Luke 12:1 - Crowd-Dough
Luke 12 opens with a description of the setting, "...many thousands of the people had gathered together that they were trampling one another." While this may seem that Luke includes this to emphasize the quantity of people gathering to hear Jesus speak, there are indications that this is not the reason or not the only reason. First, Luke does not say that the people are gathering around Jesus or gathering to hear him speak, just that they "gathered together." Also, there is that strange additional note that they were "trampling" one another. When we read the content of Jesus' teaching, the purpose for this setting is revealed.
The first thing that Jesus says to his disciples is, "Beware of the leaven of the Pharisees, which is hypocrisy" (12:1). Luke notes the gathered, dense crowd to be an image of Jesus' teaching. Just as the Pharisees are yeast, the bad growth in the dense dough of Israel, so the crowd is the dense dough and the bad growth that is occurring is trampling of one another.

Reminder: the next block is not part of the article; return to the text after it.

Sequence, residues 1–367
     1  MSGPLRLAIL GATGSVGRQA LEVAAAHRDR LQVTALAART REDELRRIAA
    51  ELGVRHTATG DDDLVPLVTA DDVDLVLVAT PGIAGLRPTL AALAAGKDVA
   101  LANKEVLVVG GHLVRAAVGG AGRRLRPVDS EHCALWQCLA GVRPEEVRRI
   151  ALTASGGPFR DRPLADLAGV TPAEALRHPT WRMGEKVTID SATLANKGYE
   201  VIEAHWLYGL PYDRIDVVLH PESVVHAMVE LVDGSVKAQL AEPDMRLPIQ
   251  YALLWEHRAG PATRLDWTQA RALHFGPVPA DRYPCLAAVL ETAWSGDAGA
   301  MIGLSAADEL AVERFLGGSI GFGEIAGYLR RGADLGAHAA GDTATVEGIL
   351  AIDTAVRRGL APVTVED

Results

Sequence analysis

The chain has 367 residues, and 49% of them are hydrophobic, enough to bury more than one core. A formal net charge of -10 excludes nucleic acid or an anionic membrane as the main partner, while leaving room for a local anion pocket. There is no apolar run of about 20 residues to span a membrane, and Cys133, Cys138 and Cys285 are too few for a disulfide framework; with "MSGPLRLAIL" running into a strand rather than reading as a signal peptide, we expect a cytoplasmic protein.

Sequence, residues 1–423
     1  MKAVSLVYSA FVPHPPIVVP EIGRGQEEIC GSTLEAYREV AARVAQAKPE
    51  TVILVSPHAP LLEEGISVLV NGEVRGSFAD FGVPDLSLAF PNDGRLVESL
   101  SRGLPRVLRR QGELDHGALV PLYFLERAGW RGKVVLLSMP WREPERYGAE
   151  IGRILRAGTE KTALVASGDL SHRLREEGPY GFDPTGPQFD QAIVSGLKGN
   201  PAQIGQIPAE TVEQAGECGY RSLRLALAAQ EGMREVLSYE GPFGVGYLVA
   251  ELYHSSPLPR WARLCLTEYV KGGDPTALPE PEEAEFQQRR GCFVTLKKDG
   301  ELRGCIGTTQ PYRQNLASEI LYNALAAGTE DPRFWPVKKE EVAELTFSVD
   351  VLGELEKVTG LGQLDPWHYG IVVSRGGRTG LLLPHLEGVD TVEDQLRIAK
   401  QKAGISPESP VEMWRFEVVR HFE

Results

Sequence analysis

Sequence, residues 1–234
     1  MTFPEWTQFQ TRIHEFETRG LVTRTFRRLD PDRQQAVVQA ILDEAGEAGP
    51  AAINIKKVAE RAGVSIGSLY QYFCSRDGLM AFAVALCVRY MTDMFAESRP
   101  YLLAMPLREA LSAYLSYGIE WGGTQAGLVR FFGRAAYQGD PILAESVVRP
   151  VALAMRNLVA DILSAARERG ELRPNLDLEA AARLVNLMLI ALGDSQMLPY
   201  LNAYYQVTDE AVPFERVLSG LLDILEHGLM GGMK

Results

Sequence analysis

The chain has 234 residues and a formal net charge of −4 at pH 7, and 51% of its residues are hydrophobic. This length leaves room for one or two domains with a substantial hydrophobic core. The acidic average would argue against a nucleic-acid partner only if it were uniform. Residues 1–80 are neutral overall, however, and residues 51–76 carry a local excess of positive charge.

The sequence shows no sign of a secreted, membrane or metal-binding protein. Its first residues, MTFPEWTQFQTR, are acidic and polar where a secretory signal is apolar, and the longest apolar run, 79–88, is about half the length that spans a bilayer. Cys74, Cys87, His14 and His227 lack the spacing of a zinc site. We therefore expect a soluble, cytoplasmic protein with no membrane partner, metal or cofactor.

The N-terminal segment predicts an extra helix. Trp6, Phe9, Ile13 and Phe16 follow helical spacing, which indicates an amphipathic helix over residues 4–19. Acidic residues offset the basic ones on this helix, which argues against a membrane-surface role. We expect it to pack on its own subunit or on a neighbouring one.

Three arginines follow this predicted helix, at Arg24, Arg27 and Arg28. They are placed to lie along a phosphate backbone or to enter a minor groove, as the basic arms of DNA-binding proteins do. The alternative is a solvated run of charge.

This is a striking setting for teaching. Jesus is trying to teach while there is the commotion and actual physical harm done to bodies. But Jesus offers his own yeast. In contrast to the yeast of the Pharisees, Jesus, within the dense dough of the crowd, teaches, injecting good yeast, anti-hypocrisy, urging the disciples to be whole, men of integrity with their insides matching their outsides.
In contrast to the leaven, that is hypocrisy, of the Pharisees, Jesus will demonstrate his integrity, the consonance of his inner and outer worlds throughout Luke's Gospel, doing the very things he admonishes here. He will not "lay up treasures on earth" (12:21) because he will leave with nothing and he will not be anxious but seek first God's kingdom even when he is in a situation most susceptible to anxiety: false accusations and capital punishment.